Blog Posts by Dr. Ayala

  • Why do liquid calories in sugary drinks matter so much?

    Many experts see sugary drinks as a major contributor to overweight and obesity. Large, well-preformed studies such as Harvard's Nurses' Health Study, which followed more than 50,000 women, have shown a correlation between consumption of sugary drinks and expanding waistlines.

    Is this just a correlation, or is there a clear cause-and-effect relationship between the two? Is there something special about sweet beverages that sets them apart from other low-nutritional-value foods, and justifies "blaming" them for a disproportionate contribution to the obesity epidemic?

    The science community generally agrees that when it comes to weight control a calorie is a calorie is a calorie, and weight gain is a result of consuming more calories than what one spends no matter where the calories came from. Calories from fats or carbs, junk food or gourmet meals all add up in the same way, and weight gain is just a matter of energy imbalance, in which the extra energy accumulates as fat.

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  • Calorie posting laws spread—healthier choices follow

    Last year, the Philadelphia City Council passed a measure requiring chain restaurants with more than 15 outlets to disclose calories on menu boards beginning on Jan. 1, 2010. My home town, Philadelphia-famous for the Philly cheese steak, all 900 calories of it-now joins New York City, several counties, and the state of California in passing such a measure.

    Why is calorie posting such a good idea?

    1) Knowing what you're eating is the first step to eating sensibly.

    I believe people will think twice about ordering menu items such as Arby's Sausage Gravy Biscuit -(at 960 calories), or McDonald's Vanilla Triple Thick Shake (at 1100 calories), products that supply half the daily caloric allowance in one meal item.

    Until now we could live in ignorant bliss, because unless we went through the trouble of going to the company's website or asking for nutrition charts, we wouldn't know the numbers.

    Will consumers lighten up their selections when presented with calorie

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  • Who’s shaping decisions about the school lunch program?

    This is the last time I'll be writing about the school lunch program for a while, I promise. I know it's not the most cheerful of subjects, but it's an important topic and, as you'll see, a timely one: the School Lunch Program is up for renewal, and that's why now's the time to review and hopefully improve it.

    I wanted to share with you Steven Greenstreet's provocative video, "The Food Lobby Goes to School," produced by the The American News Project. The video is of a hearing on school lunch nutrition regulations assembled at the Institute of Medicine. The institute will later this year advise the U.S. Department of Agriculture (USDA) on revisions to the School Lunch Program nutrition requirements.

    I think that if videos of barfing people get hundreds of thousands of views on YouTube, this video should be viewed by at least as many, just to prove there are thinking people out there too, so please pass this video on!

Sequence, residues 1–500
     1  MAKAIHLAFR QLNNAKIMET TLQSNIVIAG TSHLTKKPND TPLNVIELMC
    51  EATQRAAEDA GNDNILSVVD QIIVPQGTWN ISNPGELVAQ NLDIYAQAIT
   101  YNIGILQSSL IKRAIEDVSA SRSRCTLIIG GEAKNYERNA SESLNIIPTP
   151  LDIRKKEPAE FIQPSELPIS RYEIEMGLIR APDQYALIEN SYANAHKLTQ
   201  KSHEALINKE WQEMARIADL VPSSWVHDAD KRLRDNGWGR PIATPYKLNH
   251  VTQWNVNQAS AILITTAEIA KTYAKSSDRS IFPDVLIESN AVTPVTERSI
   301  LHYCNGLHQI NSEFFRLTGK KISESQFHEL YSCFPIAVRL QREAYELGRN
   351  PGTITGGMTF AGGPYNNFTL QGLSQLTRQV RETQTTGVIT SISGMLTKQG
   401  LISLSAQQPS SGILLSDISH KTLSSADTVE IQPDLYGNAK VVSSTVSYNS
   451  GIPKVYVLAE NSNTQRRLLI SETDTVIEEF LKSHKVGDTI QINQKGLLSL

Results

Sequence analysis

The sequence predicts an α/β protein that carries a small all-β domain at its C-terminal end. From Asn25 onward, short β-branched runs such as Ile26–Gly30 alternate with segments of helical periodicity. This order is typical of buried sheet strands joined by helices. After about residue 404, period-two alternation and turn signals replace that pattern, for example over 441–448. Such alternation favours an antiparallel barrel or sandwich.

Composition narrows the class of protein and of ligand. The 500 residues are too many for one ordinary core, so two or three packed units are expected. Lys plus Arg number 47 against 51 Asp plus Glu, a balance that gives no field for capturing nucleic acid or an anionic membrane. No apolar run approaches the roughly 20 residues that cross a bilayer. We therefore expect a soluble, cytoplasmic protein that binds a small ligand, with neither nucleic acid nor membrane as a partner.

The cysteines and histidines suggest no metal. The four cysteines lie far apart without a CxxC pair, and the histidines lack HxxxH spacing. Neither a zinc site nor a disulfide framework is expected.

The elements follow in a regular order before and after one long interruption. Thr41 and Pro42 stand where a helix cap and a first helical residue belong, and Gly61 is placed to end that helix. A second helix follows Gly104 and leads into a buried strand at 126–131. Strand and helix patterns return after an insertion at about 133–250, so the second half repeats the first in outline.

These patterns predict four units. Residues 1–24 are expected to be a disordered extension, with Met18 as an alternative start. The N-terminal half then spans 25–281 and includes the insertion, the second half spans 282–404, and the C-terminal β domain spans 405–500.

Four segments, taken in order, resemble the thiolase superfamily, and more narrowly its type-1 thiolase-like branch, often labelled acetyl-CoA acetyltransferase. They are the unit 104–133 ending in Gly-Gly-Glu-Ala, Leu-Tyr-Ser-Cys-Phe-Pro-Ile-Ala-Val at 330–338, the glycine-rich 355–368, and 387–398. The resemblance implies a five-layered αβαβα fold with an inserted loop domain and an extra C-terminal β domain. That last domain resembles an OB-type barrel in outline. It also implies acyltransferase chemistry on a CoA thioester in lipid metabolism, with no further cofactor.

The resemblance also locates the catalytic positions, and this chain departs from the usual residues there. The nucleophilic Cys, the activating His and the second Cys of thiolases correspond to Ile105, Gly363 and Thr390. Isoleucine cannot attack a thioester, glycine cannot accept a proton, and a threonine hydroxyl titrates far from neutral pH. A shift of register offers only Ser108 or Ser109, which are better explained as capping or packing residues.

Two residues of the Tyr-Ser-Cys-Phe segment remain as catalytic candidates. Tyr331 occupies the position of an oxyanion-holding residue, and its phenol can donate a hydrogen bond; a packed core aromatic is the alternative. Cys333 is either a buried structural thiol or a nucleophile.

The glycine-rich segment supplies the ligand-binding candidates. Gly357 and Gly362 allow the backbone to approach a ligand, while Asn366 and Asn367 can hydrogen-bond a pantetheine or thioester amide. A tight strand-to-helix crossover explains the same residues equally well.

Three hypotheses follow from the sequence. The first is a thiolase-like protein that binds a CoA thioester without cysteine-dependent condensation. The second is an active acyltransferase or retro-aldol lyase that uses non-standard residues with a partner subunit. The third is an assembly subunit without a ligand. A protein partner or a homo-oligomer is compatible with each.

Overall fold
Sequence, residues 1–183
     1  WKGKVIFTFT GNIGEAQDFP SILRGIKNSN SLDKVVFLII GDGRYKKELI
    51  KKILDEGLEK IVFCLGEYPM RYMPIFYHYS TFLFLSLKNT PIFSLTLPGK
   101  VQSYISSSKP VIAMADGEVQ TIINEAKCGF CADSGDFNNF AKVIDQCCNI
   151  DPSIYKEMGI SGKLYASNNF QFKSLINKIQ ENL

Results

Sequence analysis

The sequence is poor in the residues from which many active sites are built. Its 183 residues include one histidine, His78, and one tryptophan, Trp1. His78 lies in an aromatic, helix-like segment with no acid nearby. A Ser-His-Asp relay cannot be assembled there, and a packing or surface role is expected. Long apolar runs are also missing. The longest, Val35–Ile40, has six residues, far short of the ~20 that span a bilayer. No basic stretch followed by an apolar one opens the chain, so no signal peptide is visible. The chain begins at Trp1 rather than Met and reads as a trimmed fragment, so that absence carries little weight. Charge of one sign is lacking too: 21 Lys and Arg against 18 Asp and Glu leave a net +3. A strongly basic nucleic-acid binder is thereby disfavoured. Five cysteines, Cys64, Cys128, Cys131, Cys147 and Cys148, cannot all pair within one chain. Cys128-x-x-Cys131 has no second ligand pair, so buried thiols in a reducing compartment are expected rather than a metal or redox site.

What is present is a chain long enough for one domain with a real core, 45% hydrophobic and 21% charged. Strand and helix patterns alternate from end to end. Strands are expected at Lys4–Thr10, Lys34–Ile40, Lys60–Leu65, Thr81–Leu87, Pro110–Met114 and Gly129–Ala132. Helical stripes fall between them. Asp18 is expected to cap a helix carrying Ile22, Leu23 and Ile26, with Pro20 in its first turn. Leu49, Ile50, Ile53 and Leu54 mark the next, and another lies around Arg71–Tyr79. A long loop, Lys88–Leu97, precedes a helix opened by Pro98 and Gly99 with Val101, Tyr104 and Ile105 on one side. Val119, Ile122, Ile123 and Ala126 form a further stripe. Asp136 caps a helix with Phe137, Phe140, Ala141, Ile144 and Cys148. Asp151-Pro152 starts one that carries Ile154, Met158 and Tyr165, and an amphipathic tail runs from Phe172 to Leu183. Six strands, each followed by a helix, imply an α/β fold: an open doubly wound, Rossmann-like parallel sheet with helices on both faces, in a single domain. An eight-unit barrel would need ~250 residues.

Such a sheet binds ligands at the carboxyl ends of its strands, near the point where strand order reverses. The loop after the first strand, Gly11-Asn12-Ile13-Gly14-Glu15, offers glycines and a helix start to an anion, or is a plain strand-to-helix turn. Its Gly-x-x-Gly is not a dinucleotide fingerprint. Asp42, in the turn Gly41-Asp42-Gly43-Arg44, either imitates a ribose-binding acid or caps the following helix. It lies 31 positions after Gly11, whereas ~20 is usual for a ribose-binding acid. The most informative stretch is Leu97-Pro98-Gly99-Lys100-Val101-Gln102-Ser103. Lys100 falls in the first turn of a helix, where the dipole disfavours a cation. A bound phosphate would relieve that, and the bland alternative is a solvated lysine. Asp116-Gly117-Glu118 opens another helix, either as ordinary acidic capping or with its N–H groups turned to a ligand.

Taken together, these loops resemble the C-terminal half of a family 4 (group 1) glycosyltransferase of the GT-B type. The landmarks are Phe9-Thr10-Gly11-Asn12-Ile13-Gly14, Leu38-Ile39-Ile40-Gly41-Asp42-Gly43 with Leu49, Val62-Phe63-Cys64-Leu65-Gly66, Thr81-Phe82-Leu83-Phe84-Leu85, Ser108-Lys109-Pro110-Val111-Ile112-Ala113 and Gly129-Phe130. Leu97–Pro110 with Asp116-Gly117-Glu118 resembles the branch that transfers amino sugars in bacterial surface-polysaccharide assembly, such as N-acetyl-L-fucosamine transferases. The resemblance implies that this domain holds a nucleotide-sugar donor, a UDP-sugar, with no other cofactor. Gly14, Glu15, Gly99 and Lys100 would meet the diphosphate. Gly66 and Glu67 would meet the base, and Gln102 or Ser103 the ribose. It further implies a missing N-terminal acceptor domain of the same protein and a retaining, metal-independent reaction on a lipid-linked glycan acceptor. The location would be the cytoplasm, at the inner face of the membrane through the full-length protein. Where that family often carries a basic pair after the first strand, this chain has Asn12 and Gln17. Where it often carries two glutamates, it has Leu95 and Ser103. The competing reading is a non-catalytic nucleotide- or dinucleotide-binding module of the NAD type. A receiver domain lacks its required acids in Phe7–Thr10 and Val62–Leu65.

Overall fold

There are many people weighing in on the subject of

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  • Sugary drink consumption still on the rise

    With seemingly everyone drinking tap, filtered, sparkling, domestic, imported or bottled water, it may be surprising that consumption of sugar-sweetened beverages continues to rise.

    A recent study published in the American Journal of Clinical Nutrition shows that the number of adults consuming sugar-sweetened beverages has increased dramatically in the past two decades. Two-thirds of adults now consume sugar-sweetened beverages, with an average daily intake of almost 300 calories, or 15% of the 2,000 calories/day recommended for the typical diet.

    Sugar-sweetened beverage consumption was highest among young adults, and particularly among young African Americans followed by young Mexican Americans, and was highest in populations at highest risk of obesity and diabetes.

    The study analyzed the 24-hour dietary recall data of more than 15,000 people collected in the National Health and Nutrition Examination Survey (NHANES) for the period 1988 to 1994 and compared it to the

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  • Not a healthy choice: junk foods vs. the school lunch program

    I devoted a recent post to the school lunch program, a federally sponsored and regulated program, which complies with some (if not altogether satisfactory) nutrition standards for nutrient content and portion size. I was grousing about the sorry state of the food our young ones are served under the guise of an "improved" lunch program.

    But to get the full picture of the school food environment, we need to also look at the competitive foods sold in schools-foods that are expressly marketed to our kids-which make up a big part of what kids actually eat while they're in school.

    What are competitive foods? They're anything sold, served or given to the kids that isn't part of the school subsidized lunch. They are comprised of foods and beverages sold in the cafeteria or in a school store, from a vending machine or in fundraising events. The lunch money parents give their kids may very well be spent on these offerings, rather than on the school lunch.

    Kids love the vending

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  • How to make healthy whole-wheat pita bread and the mystery of the pita pocket